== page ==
At a time of deep uncertainty, when seemingly endless news alerts warn of more COVID cases, lockdowns and hardship, Mikey Webb has become a familiar face across Australia.
The Auslan interpreter has fronted hundreds of press conferences with Queensland authorities since the coronavirus pandemic changed everyone's lives in 2020.
The eldest of two brothers from Adelaide, Mikey grew up with deaf parents, grandparents, aunts and uncles.
He described a happy childhood immersed in both sign language and English.
"I'm very blessed to have had the life I had … Mum and Dad both being so prominent in the community, I've got such a big extended family of deaf community members," he said.
His path to becoming an interpreter began when he went to a World Federation of the Deaf congress in Brisbane in 1999.
"And that was the first time that I went 'this interpreting thing is amazing'," Mikey said.
'My life is so much richer for it'
Sporadic gigs at natural disaster media conferences followed, until the ongoing disaster of COVID-19 became "all encompassing".
Such visibility means he's recognised in public by both people who can hear and those who are deaf.
"People come up and you sort of get the sideways glance," Mikey said.
He's fine with the attention if it raises awareness about the need for information to be conveyed in Auslan.
"The hearing community are now starting to go, 'well hang on, there are access needs out there'," he said.
"If you're not there [at a media conference] they're asking 'why?', which I think is amazing.
Mikey said being part of the deaf community made his life "so much richer".
From rock 'n' roll to COVID
Public affection for the interpreter with the "man bun" and vast array of suits deepened when vision emerged of him rocking out on stage as he danced and signed AC/DC lyrics.
It was part of his work with Auslan Stage Left, a group which provides interpreters so deaf people can have access to theatre and the arts.
"That stuff is amazing. I love doing that sort of stuff. It's who I am, I'm very flamboyant in that regard," he said.
"Watching deaf people come to a concert — something that they've never really had access to before — and going along with their families, their friends, their neighbours, their community and they're enjoying the spectacle that's being put on with everybody else, that's what gets me going."
Mikey described Auslan as a "3D spatial language."
"The facial expressions come in as tone and seriousness or joviality, whatever it might be, so there's that whole stuff going on," he said.
Mikey has been missing from TV screens across the nation in the past few days after he was identified as a close contact of a COVID-infected person amid south-east Queensland's current Delta outbreak.
The state's Chief Health Officer Jeannette Young confirmed Mikey was quarantining at home and had so far returned a negative test result.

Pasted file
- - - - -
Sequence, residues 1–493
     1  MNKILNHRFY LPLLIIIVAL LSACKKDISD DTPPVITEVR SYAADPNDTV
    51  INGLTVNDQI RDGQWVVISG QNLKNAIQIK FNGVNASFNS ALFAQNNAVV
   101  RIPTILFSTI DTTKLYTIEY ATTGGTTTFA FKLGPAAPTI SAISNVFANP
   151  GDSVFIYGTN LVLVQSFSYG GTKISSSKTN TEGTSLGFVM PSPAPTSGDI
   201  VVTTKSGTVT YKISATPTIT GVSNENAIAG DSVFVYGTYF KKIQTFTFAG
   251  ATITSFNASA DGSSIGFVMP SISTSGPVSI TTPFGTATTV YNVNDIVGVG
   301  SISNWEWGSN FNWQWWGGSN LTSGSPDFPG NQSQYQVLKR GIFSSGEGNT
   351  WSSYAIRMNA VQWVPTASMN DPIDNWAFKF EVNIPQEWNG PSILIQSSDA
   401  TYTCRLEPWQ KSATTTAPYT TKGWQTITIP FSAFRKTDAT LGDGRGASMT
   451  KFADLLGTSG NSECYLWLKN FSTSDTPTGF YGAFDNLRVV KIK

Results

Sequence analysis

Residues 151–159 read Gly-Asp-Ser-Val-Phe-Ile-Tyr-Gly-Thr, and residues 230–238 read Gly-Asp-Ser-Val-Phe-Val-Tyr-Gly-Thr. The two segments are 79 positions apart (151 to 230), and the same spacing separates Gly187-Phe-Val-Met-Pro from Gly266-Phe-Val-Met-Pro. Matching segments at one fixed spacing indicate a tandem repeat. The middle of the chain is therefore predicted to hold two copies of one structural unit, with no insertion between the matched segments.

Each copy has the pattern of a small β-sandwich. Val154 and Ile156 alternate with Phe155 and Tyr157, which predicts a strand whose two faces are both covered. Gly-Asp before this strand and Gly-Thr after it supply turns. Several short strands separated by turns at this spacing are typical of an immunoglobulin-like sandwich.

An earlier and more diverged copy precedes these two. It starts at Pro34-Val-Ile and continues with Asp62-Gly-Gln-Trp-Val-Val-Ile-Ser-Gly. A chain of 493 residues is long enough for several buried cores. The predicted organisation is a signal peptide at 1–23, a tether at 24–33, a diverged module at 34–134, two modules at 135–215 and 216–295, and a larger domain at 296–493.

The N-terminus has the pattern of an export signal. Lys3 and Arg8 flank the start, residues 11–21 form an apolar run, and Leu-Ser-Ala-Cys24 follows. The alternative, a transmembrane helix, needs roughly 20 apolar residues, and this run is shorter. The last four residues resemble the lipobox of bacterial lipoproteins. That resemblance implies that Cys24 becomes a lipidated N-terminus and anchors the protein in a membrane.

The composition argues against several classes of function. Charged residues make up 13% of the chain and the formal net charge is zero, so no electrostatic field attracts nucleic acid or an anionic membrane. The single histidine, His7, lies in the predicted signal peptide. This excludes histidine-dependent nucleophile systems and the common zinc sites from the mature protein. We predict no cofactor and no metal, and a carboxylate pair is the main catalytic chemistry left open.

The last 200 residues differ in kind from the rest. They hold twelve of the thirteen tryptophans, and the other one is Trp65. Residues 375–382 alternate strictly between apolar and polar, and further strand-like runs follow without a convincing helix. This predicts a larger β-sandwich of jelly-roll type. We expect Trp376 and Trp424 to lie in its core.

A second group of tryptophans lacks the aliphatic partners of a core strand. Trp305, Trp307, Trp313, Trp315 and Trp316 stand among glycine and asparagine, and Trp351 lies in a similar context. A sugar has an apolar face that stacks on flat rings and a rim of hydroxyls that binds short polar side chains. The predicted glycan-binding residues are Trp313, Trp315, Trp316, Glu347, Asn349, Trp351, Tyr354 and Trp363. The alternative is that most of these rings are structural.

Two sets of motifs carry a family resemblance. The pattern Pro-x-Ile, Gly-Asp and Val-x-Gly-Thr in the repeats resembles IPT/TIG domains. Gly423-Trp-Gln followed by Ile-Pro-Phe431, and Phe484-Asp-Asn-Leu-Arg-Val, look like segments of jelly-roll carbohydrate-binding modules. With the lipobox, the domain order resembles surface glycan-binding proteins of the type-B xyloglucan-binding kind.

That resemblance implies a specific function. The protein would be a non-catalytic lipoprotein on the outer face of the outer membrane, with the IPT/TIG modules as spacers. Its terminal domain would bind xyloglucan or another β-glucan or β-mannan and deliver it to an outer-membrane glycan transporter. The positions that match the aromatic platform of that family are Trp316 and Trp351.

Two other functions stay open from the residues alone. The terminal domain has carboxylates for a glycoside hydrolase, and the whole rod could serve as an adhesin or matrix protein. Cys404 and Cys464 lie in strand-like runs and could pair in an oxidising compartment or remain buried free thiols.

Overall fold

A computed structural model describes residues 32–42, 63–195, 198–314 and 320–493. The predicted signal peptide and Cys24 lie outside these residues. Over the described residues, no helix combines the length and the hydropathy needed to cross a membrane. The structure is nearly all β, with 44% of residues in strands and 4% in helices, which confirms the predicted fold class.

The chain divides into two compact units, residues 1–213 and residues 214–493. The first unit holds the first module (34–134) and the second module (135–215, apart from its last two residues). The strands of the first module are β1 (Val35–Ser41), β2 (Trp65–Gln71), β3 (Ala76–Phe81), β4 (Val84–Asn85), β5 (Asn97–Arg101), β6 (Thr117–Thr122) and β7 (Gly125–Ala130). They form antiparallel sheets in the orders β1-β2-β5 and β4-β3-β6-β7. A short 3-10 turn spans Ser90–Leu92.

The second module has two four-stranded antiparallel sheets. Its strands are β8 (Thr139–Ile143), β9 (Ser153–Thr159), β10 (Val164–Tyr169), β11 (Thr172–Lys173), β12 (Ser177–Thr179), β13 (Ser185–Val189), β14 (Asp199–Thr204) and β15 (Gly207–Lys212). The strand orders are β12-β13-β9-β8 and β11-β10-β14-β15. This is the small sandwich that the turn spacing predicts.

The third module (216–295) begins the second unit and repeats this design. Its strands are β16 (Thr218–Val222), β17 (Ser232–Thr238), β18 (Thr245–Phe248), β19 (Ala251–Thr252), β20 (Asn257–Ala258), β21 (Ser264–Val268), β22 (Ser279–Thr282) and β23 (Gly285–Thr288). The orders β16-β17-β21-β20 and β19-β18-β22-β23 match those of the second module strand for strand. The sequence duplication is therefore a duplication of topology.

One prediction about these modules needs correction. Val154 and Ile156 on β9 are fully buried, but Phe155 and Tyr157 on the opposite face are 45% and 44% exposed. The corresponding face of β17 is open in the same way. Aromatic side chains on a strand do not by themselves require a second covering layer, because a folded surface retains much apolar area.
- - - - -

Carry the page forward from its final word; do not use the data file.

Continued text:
"He is not a confirmed case, he has a contact … he is fine and we will just work through if there are any risks there but I'm not concerned," Dr Young said at this morning's press conference.
'Astronomical' demand for interpreters
It is estimated there are roughly 30,000 Auslan users in Australia.
But the Chief Impact Officer with Deaf Services and the Deaf Society, Brent Phillips, said the exact figure is hard to pinpoint.
"The most recent census in 2016, there was some data in relation to the use of language at home and there was around 12,000 people who nominated Auslan," he said.
"But the issue with the census, how it was structured, didn't allow for Auslan to be identified as a main language that you speak at home."
Mr Phillips is a father of two and a third-generation deaf person, whose wife is also deaf.
He said the deaf community campaigned for a change to include Auslan as a language option, so this year's census should provide different figures.
He said with only 500 to 600 accredited interpreters in Australia, demand far exceeds availability.
"There's a growing recognition and acceptance of the obligation to provide interpreters in key settings, such as in government briefings or conferences, in workplace meetings," Mr Phillips said.
"People are starting to realise that they have an obligation to provide that access to their deaf community members.
"The National Disability Insurance Scheme is now also providing funding in deaf people's packages for interpreting and that can be for social interpreting, civic and community participation."
There are no accredited Auslan interpreters in the Northern Territory, which has meant Queensland-based Mikey was required to interpret press conferences virtually when Greater Darwin went into lockdown in June.
Mr Phillips said the presence of Auslan interpreters at emergency briefings has helped raise awareness of interpreting as a career.
"So that's a side outcome … interpreters are there to provide the deaf community with access to key information, the secondary benefit is that is does raise awareness and the profile of Auslan and interpreting as a career pathway."
Mr Phillips said the deaf community would like to see Auslan interpreters at good news stories too.
"We're trying to establish a minimum standard … whether the news is good or bad because we do have the right to access information any time in our first language, just like our peers do," he said.
He said "general acceptance" of Auslan as a national language has "stepped up" and in Victoria it is now the fifth most taught language in schools.
"So there is a lot of growth in people's understanding and appreciation and wanting to learn the language," he said.